The key to discipline is to become a creature of habit. By writing every day, even if it’s not creative, you will gain the discipline to sit and write for hours. At first, it may seem like you’re packing a lot of hours in, but after a few months (or even years), you will start to reap the benefits.
Write what you love and what excites you, as well as what you do for business. Then, you won’t even notice the time spent.
Writing daily will be enough to write your name in the sky. When you’re published, people may dub you an overnight success, you will know how hard you have worked for this success and be able to feel truly proud of it.
It’s hard to beat a person who never gives up.
New bloggers, excited about instantly making money, often ask how much they can earn with blogging. When I get this question in my inbox, I simply respond with, ‘not much.’
This may sound dispiriting but it’s not. Something I have learned over the years is that it’s not the money you earn that makes you feel happy, it’s the work completed itself.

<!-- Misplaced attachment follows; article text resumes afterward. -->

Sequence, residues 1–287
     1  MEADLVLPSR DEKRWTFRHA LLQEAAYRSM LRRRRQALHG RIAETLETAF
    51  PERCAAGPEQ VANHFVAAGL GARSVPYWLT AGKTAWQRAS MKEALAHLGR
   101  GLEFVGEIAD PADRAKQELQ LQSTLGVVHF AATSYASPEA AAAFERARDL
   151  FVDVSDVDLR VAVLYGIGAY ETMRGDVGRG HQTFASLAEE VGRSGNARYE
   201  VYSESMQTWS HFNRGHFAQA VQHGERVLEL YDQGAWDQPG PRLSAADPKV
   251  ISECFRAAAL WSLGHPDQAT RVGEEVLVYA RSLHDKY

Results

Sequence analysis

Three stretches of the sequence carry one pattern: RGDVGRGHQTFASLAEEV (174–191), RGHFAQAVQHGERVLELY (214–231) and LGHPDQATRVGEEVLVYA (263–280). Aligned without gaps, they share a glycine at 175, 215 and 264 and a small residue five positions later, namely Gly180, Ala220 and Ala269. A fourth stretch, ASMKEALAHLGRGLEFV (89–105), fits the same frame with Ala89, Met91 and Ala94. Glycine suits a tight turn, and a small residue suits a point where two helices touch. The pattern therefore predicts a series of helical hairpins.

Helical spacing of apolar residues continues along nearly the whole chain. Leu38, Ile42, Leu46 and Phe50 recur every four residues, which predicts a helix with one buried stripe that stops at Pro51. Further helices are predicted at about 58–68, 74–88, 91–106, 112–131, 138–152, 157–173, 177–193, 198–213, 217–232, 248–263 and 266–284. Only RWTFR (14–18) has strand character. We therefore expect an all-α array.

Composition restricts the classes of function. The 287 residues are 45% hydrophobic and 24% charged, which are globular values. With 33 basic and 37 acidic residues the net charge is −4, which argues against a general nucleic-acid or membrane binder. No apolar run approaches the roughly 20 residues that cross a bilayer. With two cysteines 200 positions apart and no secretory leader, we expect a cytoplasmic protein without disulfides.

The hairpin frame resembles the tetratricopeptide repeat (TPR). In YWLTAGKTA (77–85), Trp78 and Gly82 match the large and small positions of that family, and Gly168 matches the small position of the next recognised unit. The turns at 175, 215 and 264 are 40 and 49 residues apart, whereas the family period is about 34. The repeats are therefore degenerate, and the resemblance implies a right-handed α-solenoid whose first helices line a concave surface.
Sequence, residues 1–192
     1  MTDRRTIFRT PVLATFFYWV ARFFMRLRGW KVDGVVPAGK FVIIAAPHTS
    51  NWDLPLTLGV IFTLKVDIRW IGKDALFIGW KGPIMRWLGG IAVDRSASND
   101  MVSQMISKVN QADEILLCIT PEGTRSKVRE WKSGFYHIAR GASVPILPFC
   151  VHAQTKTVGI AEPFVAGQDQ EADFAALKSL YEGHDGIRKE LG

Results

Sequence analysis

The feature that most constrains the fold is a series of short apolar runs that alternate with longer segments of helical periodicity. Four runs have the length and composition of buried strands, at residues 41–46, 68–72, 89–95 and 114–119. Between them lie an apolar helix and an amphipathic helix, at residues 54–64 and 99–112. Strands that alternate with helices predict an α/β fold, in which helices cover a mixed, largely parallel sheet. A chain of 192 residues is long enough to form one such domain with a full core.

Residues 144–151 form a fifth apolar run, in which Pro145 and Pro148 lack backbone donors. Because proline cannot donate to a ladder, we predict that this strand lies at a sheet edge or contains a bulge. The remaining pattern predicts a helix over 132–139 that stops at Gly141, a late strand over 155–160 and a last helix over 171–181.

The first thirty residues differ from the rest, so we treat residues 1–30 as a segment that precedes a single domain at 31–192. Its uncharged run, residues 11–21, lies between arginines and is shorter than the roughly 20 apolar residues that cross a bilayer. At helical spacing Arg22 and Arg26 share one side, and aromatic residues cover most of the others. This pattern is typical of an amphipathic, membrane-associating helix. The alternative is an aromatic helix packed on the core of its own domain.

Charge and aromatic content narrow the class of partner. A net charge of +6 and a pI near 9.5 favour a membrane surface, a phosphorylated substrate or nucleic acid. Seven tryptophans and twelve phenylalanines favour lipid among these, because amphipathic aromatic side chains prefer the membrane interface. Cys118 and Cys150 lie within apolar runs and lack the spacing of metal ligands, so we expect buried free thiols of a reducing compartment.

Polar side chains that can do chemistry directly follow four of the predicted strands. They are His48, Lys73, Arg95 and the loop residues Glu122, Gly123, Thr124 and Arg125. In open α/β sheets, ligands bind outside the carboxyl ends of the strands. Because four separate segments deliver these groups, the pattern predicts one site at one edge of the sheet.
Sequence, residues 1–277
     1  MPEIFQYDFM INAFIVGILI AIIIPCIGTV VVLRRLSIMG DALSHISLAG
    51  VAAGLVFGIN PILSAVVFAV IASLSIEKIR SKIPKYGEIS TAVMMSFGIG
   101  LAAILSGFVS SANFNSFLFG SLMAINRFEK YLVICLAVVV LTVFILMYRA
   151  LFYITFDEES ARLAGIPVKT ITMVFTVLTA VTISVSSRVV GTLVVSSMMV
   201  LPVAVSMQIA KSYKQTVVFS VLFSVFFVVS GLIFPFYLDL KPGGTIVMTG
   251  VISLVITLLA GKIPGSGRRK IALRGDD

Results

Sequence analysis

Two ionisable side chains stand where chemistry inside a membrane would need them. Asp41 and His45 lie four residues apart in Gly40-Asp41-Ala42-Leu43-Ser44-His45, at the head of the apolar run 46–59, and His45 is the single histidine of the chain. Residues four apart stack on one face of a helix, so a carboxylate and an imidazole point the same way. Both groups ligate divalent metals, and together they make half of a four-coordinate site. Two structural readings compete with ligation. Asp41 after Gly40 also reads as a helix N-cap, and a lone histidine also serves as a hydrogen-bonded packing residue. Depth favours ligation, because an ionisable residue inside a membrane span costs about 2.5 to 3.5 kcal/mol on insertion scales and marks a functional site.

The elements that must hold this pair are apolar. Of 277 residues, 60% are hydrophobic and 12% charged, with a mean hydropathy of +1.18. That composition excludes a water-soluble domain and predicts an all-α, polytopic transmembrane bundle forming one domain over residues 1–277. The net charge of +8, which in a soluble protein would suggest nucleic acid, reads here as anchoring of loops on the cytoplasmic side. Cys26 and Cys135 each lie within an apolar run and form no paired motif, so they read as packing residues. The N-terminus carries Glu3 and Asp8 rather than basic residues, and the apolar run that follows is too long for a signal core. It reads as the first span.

It’s your craft that is there as a legacy for people to learn, grow and share with others that actually counts the most – money will come and go.
Craft work you’re proud of, even if you don’t make much money from it initially. It’s an investment in your future.
When I first started blogging, I used to imitate the writing styles of other bloggers a lot. After a while, I realized that people had started to associate me with other blogs. Initially, this felt like an achievement, but later on I started getting agitated as I realized I wasn’t appreciated on a personal level.
It’s human nature to want to see our skills acknowledged, our ideas appreciated and our perspectives understood. So, one thing that I started doing is actually putting my own view alongside with the expert’s view. This automatically added some flavor of my own to my blogs, which became a hit.